Date Published: 29-Jun-2012
NEWLY elected President of the Connacht Rugby Branch, Aidan O’Halloran says it is “phenomenal” how much the professional game in the province has grown in recent years and he believes the province may now be ready to take the next step in its development by becoming a greater force in international club rugby.
On a beautiful morning in Foyle’s Hotel, Clifden, O’Halloran – a former member of Offaly’s legendary All-Ireland winning Gaelic football squad of 1982 – takes time out from his heady detail as manager of the local Bank of Ireland branch to chat about his new role in Connacht rugby.
It’s evident from the off that O’Halloran, father of Connacht winger Tiernan, has a great zest for life – something that became apparent from his own early sporting days. In his youth, he won a coveted Hogan Cup with Carmelite College, Moate – defeating St Jarlath’s College in the 1976 All-Ireland decider – before lifting the Sam Maguire Cup following that iconic moment in 1982 when a late goal from Offaly’s Seamus Darby ended Kerry’s five-in-a-row ambitions.
No surprise, then, that O’Halloran talks fondly of those days – days when he also took to the rugby fields of Leinster where he saw Towns Cup action with Athlone (late 1970s), Tullamore (early to mid ‘80s) and Portlaoise (late ‘80s) before he returned to Tullamore again in the early ‘90s.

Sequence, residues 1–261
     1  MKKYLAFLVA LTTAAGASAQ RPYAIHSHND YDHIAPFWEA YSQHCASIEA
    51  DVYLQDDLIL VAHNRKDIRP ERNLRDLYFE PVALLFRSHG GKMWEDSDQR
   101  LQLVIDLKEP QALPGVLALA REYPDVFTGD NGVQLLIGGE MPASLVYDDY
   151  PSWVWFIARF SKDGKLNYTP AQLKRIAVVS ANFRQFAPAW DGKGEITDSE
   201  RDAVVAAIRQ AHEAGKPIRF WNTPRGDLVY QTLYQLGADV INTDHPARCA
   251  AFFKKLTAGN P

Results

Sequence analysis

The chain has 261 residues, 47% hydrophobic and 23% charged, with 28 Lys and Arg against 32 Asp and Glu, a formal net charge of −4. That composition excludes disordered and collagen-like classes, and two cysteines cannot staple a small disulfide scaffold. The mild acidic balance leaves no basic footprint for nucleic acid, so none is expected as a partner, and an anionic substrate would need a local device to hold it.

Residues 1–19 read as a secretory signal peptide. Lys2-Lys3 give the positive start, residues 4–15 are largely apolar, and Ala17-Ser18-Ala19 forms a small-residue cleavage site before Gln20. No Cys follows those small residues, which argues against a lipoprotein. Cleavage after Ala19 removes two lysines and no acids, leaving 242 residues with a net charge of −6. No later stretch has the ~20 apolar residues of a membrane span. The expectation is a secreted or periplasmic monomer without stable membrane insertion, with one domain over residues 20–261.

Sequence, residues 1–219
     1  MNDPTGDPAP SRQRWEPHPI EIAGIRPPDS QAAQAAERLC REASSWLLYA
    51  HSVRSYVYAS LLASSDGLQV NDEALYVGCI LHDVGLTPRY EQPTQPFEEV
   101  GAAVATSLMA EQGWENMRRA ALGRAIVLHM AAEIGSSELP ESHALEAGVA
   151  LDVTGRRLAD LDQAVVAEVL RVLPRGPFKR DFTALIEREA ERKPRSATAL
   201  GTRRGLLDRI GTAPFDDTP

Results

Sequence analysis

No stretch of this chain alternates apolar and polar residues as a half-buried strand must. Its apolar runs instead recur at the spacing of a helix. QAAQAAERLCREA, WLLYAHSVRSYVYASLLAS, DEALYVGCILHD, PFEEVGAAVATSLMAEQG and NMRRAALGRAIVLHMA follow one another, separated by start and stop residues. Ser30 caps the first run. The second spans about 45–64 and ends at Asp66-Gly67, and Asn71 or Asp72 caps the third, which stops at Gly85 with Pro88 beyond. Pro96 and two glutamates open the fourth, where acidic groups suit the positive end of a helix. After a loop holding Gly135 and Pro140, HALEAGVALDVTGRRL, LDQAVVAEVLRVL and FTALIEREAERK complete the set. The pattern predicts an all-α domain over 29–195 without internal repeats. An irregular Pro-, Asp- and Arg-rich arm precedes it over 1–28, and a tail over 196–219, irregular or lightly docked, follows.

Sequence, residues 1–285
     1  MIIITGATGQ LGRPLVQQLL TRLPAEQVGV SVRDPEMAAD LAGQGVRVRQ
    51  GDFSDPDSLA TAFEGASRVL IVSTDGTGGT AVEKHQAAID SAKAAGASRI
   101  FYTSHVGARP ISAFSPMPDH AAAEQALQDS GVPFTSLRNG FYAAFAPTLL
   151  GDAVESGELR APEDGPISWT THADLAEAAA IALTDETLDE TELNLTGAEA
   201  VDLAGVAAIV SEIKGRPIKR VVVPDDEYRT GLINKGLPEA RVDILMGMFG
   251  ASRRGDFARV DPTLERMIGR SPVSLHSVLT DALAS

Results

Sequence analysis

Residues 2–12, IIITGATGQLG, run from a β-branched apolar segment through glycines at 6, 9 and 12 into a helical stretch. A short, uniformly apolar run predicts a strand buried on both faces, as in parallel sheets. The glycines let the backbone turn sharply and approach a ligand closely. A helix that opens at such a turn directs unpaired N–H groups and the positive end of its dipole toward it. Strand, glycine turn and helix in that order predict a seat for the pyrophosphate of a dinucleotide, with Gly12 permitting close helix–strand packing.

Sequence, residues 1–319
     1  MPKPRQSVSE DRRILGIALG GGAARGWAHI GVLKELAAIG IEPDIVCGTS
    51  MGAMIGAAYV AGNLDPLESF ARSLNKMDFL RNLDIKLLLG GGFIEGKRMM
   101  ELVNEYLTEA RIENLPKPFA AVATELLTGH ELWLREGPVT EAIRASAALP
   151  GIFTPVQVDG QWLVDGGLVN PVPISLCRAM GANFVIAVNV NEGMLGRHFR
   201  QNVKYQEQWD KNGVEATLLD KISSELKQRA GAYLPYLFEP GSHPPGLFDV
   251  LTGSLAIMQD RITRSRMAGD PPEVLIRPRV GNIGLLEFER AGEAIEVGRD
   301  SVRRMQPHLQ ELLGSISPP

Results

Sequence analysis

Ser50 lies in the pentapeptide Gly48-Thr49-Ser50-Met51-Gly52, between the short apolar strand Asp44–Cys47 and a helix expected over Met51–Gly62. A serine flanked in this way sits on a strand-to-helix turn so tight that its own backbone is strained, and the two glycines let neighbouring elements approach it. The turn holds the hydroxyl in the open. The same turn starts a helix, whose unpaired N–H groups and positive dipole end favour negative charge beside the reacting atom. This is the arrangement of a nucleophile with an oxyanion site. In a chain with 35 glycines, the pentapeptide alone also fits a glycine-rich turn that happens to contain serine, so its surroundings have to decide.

Invariably, it was the bank job that conjured up this nomadic existence when it came to his club rugby. In the mid ‘90s, he was on the road again, this time his appointment as assistant manager to the bank in Ballygar, leading him to Creggs RFC in 1996.
“I played for Creggs for the two years they were in the All-Ireland League; it (bank appointment) just happened to coincide with those two years Creggs were in Division 4 of the AIL,” says O’Halloran.
“Unfortunately, their stay in the AIL didn’t last beyond the two years. It was always going to be hard for them with a very small pool of players really and probably an ageing team at that stage, with the likes of Ger and Kieran Dowd, Kevin O’Rourke and Barry Kilcommins.”
During this time, O’Halloran would line out with Creggs on the Saturday and, as he had dual status, with Dunmore on the Sunday.
“I had two years with those clubs and then I was appointed as bank manager in Clifden in 1999, so I moved down here then. The natural progression was to join up with Connemara RFC at that stage.”
Then 40 years of age, the father of three decided it was time to bring the curtain down on his playing career and instead began to turn his hand to both coaching and administrative matters with the Connemara All-Blacks, getting involved with both the U-20s and seniors.
“I suppose our biggest success at senior level (with Connemara) would have been the first year we qualified for the All-Ireland League (Division 3), which was the 2001/’02 season. We had finished fourth in the League, proper, but, at that time, there were semifinals and finals. So, we beat Greystones in the semi-final and we beat Trinity in the Old Lansdowne Road in the final.
“That was a huge event for this area, for a small club in Connemara to be playing in Lansdowne Road. Trinity would also have been a very prominent and strong team at that time and, obviously, so would have been Greystones.
It is great to think, though, that we have managed to maintain our status in the league since then.”
For more see this week’s Tribune